Programming Guide

There are several coding practices that we should adhere to when programing for Enzo. Some are style, some are more important for the health of the code (and other Enzo users’ projects/sanity).

Remember that other programmers will read your code

“Everyone knows that debugging is twice as hard as writing a program in the first place. So if you’re as clever as you can be when you write it, how will you ever debug it?” –Brian Kernighan “The Elements of Programming Style”, 2nd edition, chapter 2


At the very least, put the following in things at the top of each of your functions:

  • Your name
  • The date you wrote it. If you modified it in a significant way, note the date and modification.
  • Effects on global or class member variables.
  • Variable names that are not obvious. As a rule of thumb, the name is not obvious.
  • Primary references where applicable.

Two more rules:

  • Write your comments now. You will not have time to come back and clean it up later.
  • If you change something, change the comments. Now. Wrong comments are worse than no comments.

float is double

One must constantly be wary of the possibility of built in C types to be re-defined to higher precision types. This is outlined in Variable precision in Enzo.

Allocating arrays with new

Enzo has a significant issue with memory fragmentation. This is due to grid and particle storage arrays being constantly created, destroyed, and re-created with slightly different sizes. The most successful solution to this problem has been to limit the sizes of arrays to powers of 2. When compiling Enzo with log2alloc-yes, new is overloaded such that arrays are always created with sizes that are the nearest power of 2. Thus, it is important to keep in mind that arrays created with new will usually be slightly larger than you think.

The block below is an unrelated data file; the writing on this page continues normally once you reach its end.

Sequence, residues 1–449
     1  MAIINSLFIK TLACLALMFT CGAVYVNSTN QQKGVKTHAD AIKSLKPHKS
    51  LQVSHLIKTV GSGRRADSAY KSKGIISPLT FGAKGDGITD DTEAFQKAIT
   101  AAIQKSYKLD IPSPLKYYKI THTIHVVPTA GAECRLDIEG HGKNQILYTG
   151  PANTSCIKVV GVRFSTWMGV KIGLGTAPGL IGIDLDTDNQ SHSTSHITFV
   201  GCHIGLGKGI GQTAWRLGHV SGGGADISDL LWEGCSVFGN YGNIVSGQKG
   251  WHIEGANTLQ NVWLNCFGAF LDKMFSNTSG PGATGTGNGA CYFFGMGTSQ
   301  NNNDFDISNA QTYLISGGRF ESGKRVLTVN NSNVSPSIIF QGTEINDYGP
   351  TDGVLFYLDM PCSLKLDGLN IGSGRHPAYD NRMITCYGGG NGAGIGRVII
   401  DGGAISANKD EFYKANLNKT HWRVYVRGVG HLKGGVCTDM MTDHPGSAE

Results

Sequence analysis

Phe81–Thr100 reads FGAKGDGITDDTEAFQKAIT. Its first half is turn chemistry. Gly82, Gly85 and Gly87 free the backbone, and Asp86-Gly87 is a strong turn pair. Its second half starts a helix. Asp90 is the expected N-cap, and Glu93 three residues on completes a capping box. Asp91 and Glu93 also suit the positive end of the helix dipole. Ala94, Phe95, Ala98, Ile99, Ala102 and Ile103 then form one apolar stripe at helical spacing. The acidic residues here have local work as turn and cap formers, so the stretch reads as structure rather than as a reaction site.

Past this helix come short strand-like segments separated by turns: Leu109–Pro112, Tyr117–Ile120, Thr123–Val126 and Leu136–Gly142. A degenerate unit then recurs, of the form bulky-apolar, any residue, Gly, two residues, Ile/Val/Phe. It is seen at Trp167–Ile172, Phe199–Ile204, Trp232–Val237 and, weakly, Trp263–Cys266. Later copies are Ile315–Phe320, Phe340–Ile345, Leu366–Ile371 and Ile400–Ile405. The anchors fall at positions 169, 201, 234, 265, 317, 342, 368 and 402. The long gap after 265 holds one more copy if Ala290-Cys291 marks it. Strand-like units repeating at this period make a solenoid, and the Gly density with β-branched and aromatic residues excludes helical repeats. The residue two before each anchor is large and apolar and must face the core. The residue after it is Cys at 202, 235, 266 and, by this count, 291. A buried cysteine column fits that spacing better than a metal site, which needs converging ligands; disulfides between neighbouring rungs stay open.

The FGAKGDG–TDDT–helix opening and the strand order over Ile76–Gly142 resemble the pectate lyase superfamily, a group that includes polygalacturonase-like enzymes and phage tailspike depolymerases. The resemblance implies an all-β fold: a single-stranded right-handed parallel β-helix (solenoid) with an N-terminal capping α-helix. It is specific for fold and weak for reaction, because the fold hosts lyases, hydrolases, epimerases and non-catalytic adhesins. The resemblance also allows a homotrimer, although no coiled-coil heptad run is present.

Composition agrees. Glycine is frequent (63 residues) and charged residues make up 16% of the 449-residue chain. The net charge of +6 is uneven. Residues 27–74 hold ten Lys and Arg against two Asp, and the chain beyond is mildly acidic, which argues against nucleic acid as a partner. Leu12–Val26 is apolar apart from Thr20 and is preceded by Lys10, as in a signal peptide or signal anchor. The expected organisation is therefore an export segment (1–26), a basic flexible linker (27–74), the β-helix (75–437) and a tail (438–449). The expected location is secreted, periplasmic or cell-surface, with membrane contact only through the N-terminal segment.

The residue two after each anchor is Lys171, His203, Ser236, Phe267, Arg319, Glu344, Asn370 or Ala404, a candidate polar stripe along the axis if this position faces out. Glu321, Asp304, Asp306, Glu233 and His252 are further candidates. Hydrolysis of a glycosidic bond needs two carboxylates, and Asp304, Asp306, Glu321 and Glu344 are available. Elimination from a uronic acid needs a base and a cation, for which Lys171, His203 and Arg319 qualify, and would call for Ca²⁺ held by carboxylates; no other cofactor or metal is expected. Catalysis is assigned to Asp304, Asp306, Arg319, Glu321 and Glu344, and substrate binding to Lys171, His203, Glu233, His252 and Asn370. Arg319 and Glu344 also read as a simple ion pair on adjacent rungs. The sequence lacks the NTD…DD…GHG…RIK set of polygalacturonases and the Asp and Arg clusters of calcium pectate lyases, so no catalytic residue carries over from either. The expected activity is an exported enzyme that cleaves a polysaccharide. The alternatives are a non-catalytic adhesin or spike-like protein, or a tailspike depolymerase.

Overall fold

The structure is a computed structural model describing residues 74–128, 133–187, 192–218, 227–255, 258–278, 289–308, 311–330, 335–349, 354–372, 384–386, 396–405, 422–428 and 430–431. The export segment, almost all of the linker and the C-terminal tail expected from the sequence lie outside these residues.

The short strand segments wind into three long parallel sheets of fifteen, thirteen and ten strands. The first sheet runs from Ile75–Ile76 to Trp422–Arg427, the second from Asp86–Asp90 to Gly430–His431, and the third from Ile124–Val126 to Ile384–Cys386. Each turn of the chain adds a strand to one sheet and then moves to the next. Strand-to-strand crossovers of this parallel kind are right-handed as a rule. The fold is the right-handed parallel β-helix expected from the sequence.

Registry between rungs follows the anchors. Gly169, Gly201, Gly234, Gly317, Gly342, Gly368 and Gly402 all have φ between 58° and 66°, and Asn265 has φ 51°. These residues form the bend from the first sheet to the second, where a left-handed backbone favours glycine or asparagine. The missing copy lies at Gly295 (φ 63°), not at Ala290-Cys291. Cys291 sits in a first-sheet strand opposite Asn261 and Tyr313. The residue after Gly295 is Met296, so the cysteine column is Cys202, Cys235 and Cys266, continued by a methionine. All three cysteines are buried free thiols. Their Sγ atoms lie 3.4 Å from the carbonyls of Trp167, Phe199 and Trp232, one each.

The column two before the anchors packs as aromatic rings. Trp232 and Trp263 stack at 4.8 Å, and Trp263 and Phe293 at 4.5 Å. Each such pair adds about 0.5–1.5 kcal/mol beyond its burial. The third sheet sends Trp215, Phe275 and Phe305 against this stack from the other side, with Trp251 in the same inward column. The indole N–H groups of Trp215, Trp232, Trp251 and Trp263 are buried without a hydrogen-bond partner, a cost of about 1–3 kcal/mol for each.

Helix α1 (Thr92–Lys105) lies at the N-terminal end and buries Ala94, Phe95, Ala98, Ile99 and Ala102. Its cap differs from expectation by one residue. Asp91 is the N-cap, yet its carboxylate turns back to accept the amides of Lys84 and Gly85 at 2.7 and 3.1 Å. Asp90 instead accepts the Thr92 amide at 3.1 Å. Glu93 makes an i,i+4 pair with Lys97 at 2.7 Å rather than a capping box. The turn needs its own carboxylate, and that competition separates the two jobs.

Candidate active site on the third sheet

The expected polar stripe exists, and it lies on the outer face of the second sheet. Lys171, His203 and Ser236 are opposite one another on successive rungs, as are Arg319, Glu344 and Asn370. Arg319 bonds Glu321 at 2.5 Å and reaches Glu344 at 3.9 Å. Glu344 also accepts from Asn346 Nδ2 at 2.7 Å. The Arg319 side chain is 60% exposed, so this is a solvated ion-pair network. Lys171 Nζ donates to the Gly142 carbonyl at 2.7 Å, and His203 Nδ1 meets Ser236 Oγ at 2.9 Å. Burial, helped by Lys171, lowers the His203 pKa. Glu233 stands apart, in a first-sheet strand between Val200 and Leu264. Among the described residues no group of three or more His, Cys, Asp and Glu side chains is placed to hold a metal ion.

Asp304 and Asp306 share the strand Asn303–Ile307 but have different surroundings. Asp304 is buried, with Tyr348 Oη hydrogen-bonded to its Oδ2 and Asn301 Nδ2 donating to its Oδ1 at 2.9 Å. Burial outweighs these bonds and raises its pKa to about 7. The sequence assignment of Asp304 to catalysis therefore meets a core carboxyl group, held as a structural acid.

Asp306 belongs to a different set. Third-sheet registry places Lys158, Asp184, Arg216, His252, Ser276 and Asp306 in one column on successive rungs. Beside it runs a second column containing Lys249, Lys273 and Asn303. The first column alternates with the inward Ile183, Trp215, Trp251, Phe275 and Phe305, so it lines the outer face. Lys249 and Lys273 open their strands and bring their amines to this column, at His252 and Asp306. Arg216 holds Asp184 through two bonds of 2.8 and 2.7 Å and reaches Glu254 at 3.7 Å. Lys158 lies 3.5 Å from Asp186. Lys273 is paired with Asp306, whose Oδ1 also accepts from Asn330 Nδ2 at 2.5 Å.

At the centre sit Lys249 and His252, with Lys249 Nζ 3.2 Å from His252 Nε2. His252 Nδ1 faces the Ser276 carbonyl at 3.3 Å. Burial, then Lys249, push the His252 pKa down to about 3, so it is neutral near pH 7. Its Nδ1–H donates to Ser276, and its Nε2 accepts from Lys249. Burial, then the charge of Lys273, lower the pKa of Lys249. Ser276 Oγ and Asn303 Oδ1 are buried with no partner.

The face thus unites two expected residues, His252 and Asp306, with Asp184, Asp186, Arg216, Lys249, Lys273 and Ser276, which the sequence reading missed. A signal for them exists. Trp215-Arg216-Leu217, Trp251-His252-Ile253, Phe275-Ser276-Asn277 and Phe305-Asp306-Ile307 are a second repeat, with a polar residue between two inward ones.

Fortran types

Unlike Enzo’s C and C++ routines, Fortran files (.F and .F90) do not re-define the built-in ‘integer’ and ‘real’ types, so all variables and constants must be defined with the appropriate precision. There are pre-defined type specifiers that will match Enzo’s C and C++ precision re-definitions, which should be used for all variables that pass through the C/Fortran interface. This is discussed in detail in Variable precision in Enzo.

Header Files

Header files must be included in the correct order. This is due, among other things, to the redefinition of float which is done in macros_and_parameters.h. This must be done before Enzo headers, but after external libraries. The order should be as follows:

#include "ErrorExceptions.h"
#include "svn_version.def"
#include "EnzoTiming.h"
#include "performance.h"
#include "macros_and_parameters.h"
#include "typedefs.h"
#include "global_data.h"
#include "units.h"
#include "flowdefs.h"
#include "Fluxes.h"
#include "GridList.h"
#include "ExternalBoundary.h"
#include "Grid.h"
#include "Hierarchy.h"
#include "LevelHierarchy.h"
#include "TopGridData.h"
#include "communication.h"
#include "CommunicationUtilities.h"

Accessing BaryonField

Access data in the BaryonField array as is described in the page on Accessing Data in BaryonField.

Accessing the Hierarchy

The hierarchy should be traversed as described in Getting Around the Hierarchy: Linked Lists in Enzo.


The enum construct in C has no standardized size, which can cause problems when using 64 bit integers. Direct integer assignment should be used instead. This also has the added advantage of making explicit the values of parameters that are also used in parameter files. The typical idiom should be:

typedef int hydro_method;
typedef long_int hydro_method;
const hydro_method
  PPM_DirectEuler      = 0,
  PPM_LagrangeRemap    = 1,
  Zeus_Hydro           = 2,
  HD_RK                = 3,
  MHD_RK               = 4,
  HydroMethodUndefined = 5;